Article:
Local architect Rich Bandera, who moved here from New England and has lived here 15 years, reflects on the changes in our community. “When we first moved here, many homeowners were Southport natives. The porch is where people met. As those people got older and property values went up, houses were sold and the mix of residents changed. I think the pace has changed, fewer people are walking; people’s lives have changed.”
“I think in a small town, whether it’s here or Key West or a New England town, when you’re close to the street it facilitates community. When I lived in Boston, I lived in a neighborhood where the streets were compact, even though the units were three stories high. So the street and the porches were where you met people.”
Bandera’s designs here are often partially a reflection of the subdivision’s requirements. “I’ve had experiences where they were forced to put a porch on, due to the development’s architectural rules, because they were trying to create an aesthetic. Some people do the minimum to comply, knowing they won’t use it. But a lot of clients want the porch and that’s good to see.”
He refers to some new local developments that are embracing the small community feel. “There are some successful new neighborhoods here. Jonas Creek went through a process to get their roads narrowed; the intent was to create community and bring in a pedestrian character. The people who are moving there are excited about that. Price’s Creek is another good example.”
As for the downtown historic area, Bandera believes new construction is largely in keeping with the older neighborhoods. “The street layout in Southport is set up on a pedestrian grid. You’ve got the main commercial street, the waterfront, and interspersed streets on a straightforward grid system. Although there are no strict requirements, most people building homes here do “what they can to fit in.”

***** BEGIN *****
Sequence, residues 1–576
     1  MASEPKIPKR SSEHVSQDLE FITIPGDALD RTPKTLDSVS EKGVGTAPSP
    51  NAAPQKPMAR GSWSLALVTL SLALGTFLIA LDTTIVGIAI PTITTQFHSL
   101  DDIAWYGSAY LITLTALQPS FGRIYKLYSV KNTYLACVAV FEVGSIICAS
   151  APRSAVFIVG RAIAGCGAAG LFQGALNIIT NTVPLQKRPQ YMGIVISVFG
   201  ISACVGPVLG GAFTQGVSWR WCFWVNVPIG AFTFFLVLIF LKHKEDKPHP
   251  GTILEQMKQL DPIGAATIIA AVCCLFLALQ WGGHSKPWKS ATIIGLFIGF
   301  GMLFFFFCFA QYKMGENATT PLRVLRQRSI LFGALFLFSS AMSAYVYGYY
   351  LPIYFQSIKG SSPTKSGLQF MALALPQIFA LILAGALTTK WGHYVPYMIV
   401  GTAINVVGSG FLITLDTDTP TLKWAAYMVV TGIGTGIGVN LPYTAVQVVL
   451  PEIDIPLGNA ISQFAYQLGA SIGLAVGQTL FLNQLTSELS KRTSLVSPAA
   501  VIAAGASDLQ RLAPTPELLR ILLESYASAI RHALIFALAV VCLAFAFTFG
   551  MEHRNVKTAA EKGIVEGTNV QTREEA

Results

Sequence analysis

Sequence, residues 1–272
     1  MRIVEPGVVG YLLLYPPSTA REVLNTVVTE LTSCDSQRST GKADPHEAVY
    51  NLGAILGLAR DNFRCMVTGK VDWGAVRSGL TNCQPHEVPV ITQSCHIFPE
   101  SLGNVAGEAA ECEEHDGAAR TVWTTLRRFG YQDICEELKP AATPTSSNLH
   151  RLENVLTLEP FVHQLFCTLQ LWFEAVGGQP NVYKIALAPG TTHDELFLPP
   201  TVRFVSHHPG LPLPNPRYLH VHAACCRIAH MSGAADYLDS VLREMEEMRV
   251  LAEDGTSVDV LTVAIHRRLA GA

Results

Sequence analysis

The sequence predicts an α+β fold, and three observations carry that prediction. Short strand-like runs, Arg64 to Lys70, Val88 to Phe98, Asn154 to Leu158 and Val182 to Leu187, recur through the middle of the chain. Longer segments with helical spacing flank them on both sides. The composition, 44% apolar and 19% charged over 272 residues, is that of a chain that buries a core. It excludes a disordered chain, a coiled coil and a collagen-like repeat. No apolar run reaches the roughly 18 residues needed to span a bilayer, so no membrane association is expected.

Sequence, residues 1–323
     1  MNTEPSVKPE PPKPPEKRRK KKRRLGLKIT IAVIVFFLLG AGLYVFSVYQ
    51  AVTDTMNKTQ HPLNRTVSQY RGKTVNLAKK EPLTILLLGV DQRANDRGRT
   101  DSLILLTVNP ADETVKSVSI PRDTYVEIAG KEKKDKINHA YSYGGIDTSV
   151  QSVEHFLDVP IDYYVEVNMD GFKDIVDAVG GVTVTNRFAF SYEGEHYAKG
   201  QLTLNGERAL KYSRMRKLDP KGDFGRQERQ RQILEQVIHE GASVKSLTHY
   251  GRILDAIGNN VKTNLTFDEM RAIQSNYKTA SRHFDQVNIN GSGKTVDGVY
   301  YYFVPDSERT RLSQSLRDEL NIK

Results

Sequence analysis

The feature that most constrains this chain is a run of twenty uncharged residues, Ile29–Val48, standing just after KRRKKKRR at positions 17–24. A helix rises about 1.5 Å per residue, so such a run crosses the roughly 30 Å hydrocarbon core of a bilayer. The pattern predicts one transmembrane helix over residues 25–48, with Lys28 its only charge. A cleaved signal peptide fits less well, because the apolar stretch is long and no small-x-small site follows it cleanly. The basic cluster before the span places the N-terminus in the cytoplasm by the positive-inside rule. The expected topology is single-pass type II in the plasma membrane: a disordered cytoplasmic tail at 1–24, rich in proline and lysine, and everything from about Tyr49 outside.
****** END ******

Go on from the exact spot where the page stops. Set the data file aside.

He is concerned, however, about a couple of challenges to our small town way of life. “There’s a 99 foot right of way on a lot of these streets, maybe 25 feet is actually roadway, the rest is city property, usually greenscape. When you start to whittle away at how people park, using different materials to extend the paved surface, you’re changing the landscape. And that’s kind of the beauty of Southport. I wish we had some more controls there. The right of way fits in with the treescape and the hardscape. When it’s paved it changes the character of th streets and neighborhoods here.”
His other concern is cars and golf carts. “When people are driving by at 35 miles an hour, that doesn’t work. Golf carts are destination-driven, missing the parts in between. We have such a wonderful, walk-able town. When you walk, you see a lot of different things, you meet people.”
And the front porch, Bandera believes, facilitates that spontaneous interaction. “There are all sorts of options with porches. Within a front porch, some people might have a different rail, an opaque one that creates more privacy, or no rail at all, or a deeper porch that creates areal living space. That creates a whole different character. Some want more privacy and others want it open. Either way, it’s Southport – our beautiful town.”

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Southport Area's Culture & Events Magazine